Making broadband policy universal (Target 1)
Progress is being made in the establishment by countries of broadband policies, but only incrementally. The total number of countries with a National Broadband Plan (NBP) has seen a net increase of three, from 80% (156 countries) to 81% (159 countries). Also, a number of countries have approved their NBP (e.g. Bolivia, Democratic Republic of Congo, Maldives, Mali and Kuwait), while certain other countries’ NBPs have lapsed.
Making broadband affordable (Target 2)
The Broadband Commission, in its new 2025 Targets, has reduced the broadband services affordability threshold target from less than 5% to less than 2% of monthly gross national income per capita. This new target will particularly assist lower income groups in developing and least developed countries to gain connectivity. The change in target, though, results in a lower number of countries meeting the affordability threshold. For fixed broadband affordability, 73 countries had achieved the new target, and 122 countries have yet to achieve it. For mobile broadband affordability, 109 countries had achieved this target, and 86 countries have yet to achieve it.
Getting people online (Target 3)
The report highlights the inherent challenges of bringing the “other half” of the world’s population online, noting that it has taken more than 25 years to bring nearly half of the world online – mainly by connecting those in urban and easy-to-reach areas. It will be difficult to bring another quarter of the world’s population online in the next seven years at current population growth rates of 5% per annum – especially in developing and least developed countries.
Acquiring minimum digital skills and literacy (Target 4)
The report cites low data availability related to digital skills, and shows how global averages for digital skills vary from 5.2% (using a programming language) to 43.7% (transferring files). As such, it identifies the need to define what can be considered a “minimum level of proficiency in digital skills”, and to increase data collection in order to effectively measure advancements.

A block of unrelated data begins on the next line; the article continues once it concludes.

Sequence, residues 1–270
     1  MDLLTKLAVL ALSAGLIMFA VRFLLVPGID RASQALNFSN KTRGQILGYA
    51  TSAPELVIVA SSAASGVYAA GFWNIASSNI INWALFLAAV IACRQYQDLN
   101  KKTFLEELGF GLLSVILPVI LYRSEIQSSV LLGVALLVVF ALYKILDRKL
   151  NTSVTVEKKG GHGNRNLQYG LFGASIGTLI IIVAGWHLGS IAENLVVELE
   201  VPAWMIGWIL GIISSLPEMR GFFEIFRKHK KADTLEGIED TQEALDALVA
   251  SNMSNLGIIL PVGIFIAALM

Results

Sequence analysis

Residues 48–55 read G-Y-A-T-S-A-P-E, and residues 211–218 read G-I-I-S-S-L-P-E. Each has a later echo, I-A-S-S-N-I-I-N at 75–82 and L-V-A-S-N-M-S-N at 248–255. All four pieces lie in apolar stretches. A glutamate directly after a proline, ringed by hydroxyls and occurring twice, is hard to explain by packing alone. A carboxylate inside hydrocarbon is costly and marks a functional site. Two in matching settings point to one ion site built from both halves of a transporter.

Using digital financial services (Target 5)
The report cites the rapidly expanding use of digital finance services – currently at 15.8% of the global population and 21.4% of the global adult population, and anticipated to increase to 40% of the global population by 2025.
Getting businesses online (Target 6)
The report identifies key enablers to bring more businesses and small- and medium-sized businesses online. This includes creating supportive legal and regulatory environments, increasing digital skills and literacy, and reducing costs such as import duties on Telecom/ICT equipment and services.
Achieving gender equality in access to broadband (Target 7)
The report highlights that, as per the most recent data available, the digital gender divide in fact grew from 11% in 2013 to 11.6% in 2016; and that women are, on average, 26% less likely to use mobile Internet than men. The report identifies increasing global efforts to address the digital divide, including the EQUALS Global Partnership (www.equals.org), and as such has an optimistic outlook for achieving gender equality in access to broadband by 2025.